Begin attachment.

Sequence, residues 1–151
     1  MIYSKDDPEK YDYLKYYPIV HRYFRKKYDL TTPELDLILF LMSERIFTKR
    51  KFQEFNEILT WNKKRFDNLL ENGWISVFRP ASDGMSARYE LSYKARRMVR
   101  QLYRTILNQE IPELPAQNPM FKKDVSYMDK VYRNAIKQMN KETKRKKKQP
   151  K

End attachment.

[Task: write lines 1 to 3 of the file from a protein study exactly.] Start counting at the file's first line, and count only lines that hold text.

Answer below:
Sequence, residues 1–151
     1  MIYSKDDPEK YDYLKYYPIV HRYFRKKYDL TTPELDLILF LMSERIFTKR
    51  KFQEFNEILT WNKKRFDNLL ENGWISVFRP ASDGMSARYE LSYKARRMVR